While gamers wait patiently for their virtual-reality headsets to go on sale, there’s another industry ripe for the VR picking: movies. That means, as VR technology matures, filmmakers have to work out a new approach to their craft. But if they get it right, audiences are in for a far more immersive and interactive ride.
Companies like Samsung, Google and Oculus have been evangelizing VR cinema experiences, hoping to bring the sorts of videos that make their virtual-reality platforms a real destination for movie watchers. But to make their campaigns work, they need filmmakers and video producers who know what they’re doing.
That can be tricky. Within the umbrella of VR movies, there are different approaches around the level of physical movement given to an audience, the available viewing angle (perhaps just 180 degrees instead of 360) and whether to use computer animation software or live action cameras to create these experiences.
One of the companies working at the forefront of VR content creation is Nurulize. The firm recently helped to produce a virtual-reality short called RISE with director David Karlak. The film shows off what moviemakers can do—including creating entire worlds rather than merely 2D pictures that move in front of your eyes.
Making Movies, VR Style
VR cinema could be pivotal to virtual reality’s success in grabbing mainstream eyeballs. Gaming may be a multibillion-dollar industry, but even so, it’s still somewhat of a niche. When it comes to potential users (or audiences), far more people watch videos in today’s media-obsessed world—which makes VR’s potential reach quite vast.
But making polished VR movies requires an equal amount of artistic talent and technical skill. On one hand, filmmakers have a new medium to showcase stories with an unprecedented level of immersiveness. But if they aren’t careful, they can make their viewers sick to their stomachs.
According to Nurulize CEO Philip Lunn, VR movie makers are still sussing out the finer points of the craft, with new tools and strategies still being worked out. But there’s a lot of exploring left to do.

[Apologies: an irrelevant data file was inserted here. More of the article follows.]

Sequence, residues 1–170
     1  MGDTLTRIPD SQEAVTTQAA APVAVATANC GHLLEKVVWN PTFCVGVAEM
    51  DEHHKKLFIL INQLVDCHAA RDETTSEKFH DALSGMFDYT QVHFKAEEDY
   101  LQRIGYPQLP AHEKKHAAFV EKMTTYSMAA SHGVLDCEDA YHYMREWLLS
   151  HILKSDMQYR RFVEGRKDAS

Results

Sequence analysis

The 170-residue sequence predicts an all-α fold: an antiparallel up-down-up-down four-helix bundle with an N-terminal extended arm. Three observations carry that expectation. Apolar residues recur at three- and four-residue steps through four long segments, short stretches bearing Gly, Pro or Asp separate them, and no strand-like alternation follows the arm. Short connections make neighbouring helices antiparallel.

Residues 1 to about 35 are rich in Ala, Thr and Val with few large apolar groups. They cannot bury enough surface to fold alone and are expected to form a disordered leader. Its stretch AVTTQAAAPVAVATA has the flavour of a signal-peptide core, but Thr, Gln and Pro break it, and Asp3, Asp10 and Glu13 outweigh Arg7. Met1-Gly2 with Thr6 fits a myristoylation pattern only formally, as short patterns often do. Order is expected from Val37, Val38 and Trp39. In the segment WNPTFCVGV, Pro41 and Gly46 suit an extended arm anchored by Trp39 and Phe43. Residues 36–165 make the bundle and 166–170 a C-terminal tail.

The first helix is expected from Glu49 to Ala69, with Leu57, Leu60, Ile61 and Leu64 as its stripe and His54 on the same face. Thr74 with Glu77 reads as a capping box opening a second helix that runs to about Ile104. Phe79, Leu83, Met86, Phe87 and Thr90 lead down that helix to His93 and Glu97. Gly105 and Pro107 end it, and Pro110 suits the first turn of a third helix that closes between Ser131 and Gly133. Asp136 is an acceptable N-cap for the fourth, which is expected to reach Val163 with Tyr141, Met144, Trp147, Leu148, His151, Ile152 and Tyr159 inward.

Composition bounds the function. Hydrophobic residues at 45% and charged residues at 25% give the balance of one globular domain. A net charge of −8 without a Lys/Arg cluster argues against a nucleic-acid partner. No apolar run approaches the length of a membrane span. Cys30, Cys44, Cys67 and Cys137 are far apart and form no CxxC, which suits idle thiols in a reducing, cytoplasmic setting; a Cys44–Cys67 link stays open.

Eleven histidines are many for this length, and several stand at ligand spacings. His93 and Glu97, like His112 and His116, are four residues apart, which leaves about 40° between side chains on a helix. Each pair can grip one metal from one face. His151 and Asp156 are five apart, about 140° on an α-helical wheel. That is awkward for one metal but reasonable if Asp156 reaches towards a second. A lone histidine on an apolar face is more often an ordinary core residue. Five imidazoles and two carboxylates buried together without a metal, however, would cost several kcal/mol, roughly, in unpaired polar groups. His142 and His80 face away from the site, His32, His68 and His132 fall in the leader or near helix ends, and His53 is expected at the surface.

How do you do storytelling in this new medium where you have a full 360, or ability to roam anywhere you want within a scene? It causes all kinds of new questions, and answers are still being sought for today. So many companies are trying to sort this out, and figure out the best way to utilize this new thing, in order to tell amazing stories that people feel an emotional connection to.
Directors are hacking together their own answers: Toronto filmmaker Elli Raynai recently used reverse-engineered gaming software to create a short VR movie. Capturing footage is just the start—how do you edit 360-degree video clips on a two-dimensional monitor?
With RISE, Nurulize took existing assets that would already have been prepared for a standard film—CGI objects and background photographic plates—and processed them through bespoke software into a VR experience that could be explored from any direction.
Filmmakers still get to pin people in place inside these new worlds, if they want to: Essentially it’s up to the director to decide whether you’re forced to stay in the company of the central characters, or whether you can wander off to see what’s happening somewhere else.
RISE incorporates both a story mode, driven by camera cuts and voice-overs, and a free roaming mode where you’re able to pilot yourself anywhere you want within the created scene. This new flexibility may take some getting used to by VR movie watchers.
“David Karlak used one interesting shot where you’re positioned behind a pole in the scene,” said Lunn. “So you’re forced as a viewer to look around the pole, to see what’s going on around it … to really emphasize, ‘Hey, I can be free to move, and there’s a pole in my way. How do I see round the pole?’ Oh, just move your head, and now you’re looking around.”
VR Tech Companies Try To Show Video Makers How It’s Done
With so many directing options—and such great potential for queasiness—VR tech makers have been stepping in, to show filmmakers the way.